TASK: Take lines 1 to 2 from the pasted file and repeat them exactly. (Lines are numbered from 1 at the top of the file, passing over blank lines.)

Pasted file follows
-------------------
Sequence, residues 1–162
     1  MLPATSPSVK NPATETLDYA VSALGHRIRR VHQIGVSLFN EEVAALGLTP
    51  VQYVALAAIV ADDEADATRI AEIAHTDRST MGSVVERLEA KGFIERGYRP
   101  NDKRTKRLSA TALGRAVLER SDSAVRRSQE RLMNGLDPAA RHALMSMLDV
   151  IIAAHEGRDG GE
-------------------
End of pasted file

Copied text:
Sequence, residues 1–162
     1  MLPATSPSVK NPATETLDYA VSALGHRIRR VHQIGVSLFN EEVAALGLTP